The Filipinas’ historic World Cup win is an important feat for young female athletes questioning their place on a stage that seems to only welcome boys
In the Philippines, no other sport could come close to the level of spectatorship that basketball effortlessly draws in. Even other sports played by men don’t receive quite as much attention as the famous ball game. What more if these sports are played by women?
Case in point, the National University Lady Bulldogs who held an impressive 108-game streak in the UAAP Women’s Basketball tournament. However, despite the stellar plays executed by these women, the bleachers at their games remained mostly bare. Meanwhile, scoring tickets to the men’s matches already posed a great challenge.
Almost routinely, female athletes would silently carry on behind the shadows of male-dominated sports. But things began to change when Hidilyn Diaz set foot on the 2020 Olympic stage. The weightlifter not only brought home the Philippines’ first-ever gold medal, but she did so in a sport more commonly associated with men.
So, when the women’s national football team defied all odds to reach the AFC Asian Cup semi-finals and simultaneously bag a spot in the FIFA World Cup, it became clear that the only way to go was forward.
Herstory in the making
It had been the very first time any Philippine team in general earned a World Cup berth. This alone was already a historic feat in itself. But on July 25, the Filipinas managed to carve out an even more important victory. Cheers radiated through the halls of every watch party venue back in the homeland (and across the world) when 27-year-old forward Sarina Bolden launched a 24th-minute header against New Zealand. This prolific goal marked the Philippines’ first-ever World Cup win.
Olivia McDaniel also proved to be a heroine that day. The goalkeeper performed a series of well-timed saves to keep New Zealand’s Football Ferns from getting one over the Filipinas, ultimately sealing the Philippines’ 1-0 run.
While the World Cup win is an achievement that should rightfully be celebrated by every single Filipino, it means much, much more to a special group of people who are finally receiving the representation they deserve: young Filipinas.
It will always be crucial for young girls to have access to female role models who can show them that they are more than capable of achieving their biggest dreams. Witnessing a female athlete confidently make her mark on the field was the big push many young Filipinas needed to affirm their ability to do what they once thought impossible.
The Philippines used to go years without making an appearance in big international football leagues, let alone the World Cup. For the women’s team to have done that and more signals a huge progress boost in the future of women’s sports in the Philippines. It marks the beginning of the end of young female athletes questioning their place on a stage that seems to only welcome boys.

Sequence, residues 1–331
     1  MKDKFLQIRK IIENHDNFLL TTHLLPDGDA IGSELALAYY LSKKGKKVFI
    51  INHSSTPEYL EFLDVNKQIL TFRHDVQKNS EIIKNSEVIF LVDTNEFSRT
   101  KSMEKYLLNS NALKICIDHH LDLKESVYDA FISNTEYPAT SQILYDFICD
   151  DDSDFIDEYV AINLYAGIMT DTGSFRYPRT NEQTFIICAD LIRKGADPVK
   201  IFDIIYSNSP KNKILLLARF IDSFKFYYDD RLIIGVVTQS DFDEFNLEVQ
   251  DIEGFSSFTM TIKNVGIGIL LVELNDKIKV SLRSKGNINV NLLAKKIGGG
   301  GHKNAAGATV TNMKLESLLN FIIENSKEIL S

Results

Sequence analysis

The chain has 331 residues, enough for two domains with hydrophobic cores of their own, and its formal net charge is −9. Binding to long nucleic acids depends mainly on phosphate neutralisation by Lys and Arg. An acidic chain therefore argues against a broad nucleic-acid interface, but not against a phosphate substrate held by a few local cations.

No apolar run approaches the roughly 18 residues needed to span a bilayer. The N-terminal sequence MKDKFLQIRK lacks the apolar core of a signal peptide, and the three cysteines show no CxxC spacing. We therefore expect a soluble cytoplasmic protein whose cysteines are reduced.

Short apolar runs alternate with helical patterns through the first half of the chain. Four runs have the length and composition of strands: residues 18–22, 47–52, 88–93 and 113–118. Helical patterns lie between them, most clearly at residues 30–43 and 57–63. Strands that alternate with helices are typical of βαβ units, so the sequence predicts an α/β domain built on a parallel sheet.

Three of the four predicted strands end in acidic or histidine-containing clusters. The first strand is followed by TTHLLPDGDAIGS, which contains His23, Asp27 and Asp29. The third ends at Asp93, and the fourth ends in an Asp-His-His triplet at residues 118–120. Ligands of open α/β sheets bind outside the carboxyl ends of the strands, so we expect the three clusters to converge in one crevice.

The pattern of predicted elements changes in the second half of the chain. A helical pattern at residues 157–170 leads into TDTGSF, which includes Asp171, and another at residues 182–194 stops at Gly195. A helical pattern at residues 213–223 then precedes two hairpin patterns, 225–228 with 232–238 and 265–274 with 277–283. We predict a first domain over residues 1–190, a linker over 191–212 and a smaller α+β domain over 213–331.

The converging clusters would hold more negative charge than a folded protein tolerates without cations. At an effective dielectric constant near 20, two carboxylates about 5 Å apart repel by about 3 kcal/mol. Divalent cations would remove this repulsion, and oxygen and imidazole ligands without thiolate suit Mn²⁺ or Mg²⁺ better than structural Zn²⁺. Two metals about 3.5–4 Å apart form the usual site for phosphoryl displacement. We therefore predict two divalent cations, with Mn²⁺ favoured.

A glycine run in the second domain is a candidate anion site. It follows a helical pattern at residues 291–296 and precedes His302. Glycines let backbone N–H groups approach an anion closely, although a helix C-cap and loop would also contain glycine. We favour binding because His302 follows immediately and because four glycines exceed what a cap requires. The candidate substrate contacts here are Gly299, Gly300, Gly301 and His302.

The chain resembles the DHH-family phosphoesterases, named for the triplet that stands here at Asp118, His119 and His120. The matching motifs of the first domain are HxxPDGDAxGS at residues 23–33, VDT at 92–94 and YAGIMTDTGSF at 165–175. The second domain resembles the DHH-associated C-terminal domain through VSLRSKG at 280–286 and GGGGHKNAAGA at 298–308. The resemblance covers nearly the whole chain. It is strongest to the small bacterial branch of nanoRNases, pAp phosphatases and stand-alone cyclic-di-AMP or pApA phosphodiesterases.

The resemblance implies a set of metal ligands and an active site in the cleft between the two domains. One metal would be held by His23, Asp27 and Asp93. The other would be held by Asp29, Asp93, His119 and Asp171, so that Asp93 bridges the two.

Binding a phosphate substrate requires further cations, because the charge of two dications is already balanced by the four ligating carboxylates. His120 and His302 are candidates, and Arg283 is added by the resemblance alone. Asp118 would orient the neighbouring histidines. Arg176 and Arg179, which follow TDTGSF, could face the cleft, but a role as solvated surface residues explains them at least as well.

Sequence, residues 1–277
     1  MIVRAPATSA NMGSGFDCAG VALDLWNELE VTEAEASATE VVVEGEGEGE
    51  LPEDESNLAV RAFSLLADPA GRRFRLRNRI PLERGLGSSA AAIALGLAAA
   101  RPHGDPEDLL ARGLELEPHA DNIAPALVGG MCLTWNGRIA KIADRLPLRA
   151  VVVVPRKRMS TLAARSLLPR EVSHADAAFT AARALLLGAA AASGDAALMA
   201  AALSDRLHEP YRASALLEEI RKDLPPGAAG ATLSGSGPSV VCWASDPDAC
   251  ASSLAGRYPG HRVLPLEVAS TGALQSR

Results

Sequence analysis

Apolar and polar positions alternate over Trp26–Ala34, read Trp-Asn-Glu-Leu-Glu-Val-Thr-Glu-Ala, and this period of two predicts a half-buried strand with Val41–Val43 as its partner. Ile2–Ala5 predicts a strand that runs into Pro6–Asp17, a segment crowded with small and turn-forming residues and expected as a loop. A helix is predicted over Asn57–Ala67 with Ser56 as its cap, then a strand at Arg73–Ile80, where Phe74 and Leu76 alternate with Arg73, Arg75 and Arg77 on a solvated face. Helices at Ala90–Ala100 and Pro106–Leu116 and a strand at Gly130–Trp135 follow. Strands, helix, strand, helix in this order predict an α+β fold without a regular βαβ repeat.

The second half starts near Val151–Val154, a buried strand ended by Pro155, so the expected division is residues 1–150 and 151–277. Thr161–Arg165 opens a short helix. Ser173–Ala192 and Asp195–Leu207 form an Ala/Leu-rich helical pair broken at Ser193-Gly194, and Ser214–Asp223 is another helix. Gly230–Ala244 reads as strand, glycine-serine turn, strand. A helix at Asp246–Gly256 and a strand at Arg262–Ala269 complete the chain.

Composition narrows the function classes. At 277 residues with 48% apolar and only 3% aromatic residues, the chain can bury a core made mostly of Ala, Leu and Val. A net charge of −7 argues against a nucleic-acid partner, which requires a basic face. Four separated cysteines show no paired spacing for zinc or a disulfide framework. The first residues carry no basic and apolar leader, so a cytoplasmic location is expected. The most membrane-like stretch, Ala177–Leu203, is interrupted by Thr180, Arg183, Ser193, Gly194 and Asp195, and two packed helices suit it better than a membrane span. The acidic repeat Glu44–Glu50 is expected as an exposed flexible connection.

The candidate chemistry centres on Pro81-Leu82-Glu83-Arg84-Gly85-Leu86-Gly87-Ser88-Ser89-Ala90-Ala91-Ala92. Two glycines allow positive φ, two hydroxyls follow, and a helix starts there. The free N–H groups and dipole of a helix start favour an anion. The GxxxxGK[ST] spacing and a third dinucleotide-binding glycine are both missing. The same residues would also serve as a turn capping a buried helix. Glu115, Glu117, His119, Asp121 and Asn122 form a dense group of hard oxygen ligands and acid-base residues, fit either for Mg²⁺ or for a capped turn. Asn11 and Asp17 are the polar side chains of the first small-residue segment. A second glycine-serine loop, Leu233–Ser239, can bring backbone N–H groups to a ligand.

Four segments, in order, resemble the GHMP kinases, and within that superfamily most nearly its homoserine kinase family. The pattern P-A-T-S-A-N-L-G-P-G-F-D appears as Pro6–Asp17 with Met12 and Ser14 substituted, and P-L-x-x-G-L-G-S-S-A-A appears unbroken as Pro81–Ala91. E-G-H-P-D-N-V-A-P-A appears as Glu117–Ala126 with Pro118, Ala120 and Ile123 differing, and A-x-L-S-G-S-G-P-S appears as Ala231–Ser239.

A test of “Filipinoness”
However, the women’s football team’s achievements had not always been celebrated the way they are now.
In fact, the Filipinas’ ethnicity became a controversial topic when the squad’s lineup was first announced as 18 out of the 23 members were born in America. The Philippine Football Federation’s volunteer liaison and recruitment officer Mark Mangune continued the search to complete the country’s women’s football lineup. After scouring every corner of every pitch in America for girls who had even just a hint of Filipino features, Mangune was able to round up a database of approximately 800 potential recruits.
This debate has long plagued the world of Philippine sports. Critics held that the decision to have the Filipino-American diaspora represent the country was depriving homegrown talent of the opportunity to make it big on the international stage.
The skepticism is understandable. But these women probably spent most of their lives feeling like they were stuck between two identities. To Americans, they aren’t American enough, and to Filipinos, they aren’t Filipino enough. So where do they position themselves?
The quest to grow Philippine football shouldn’t be a test of Filipinoness. This situation most definitely cannot be compared to the recent Southeast Asian Games controversy involving Cambodia and its naturalized players.
It’s nothing like that. In actuality, it is a moving display of the Filipino diaspora reconnecting with their heritage through their passion for the beautiful game.
These are the children and grandchildren of Filipino immigrants. It is their shared love for football and their Filipino heritage that drives them to work tirelessly to make their countrymen proud. Why should their dedication to the sport and the country be questioned just because they “don’t look Filipino enough”?
The Filipinas are set to battle it out with current fourth-placers Norway on Sunday, July 30, at 3 PM (Philippine Time). The team’s Group A games will be broadcasted on free-to-air by One Sports and on Cignal’s Pilipinas Live app. Alternatively, the Adidas Brand Center in Glorietta 3 also hosts free streaming parties for the World Cup matches.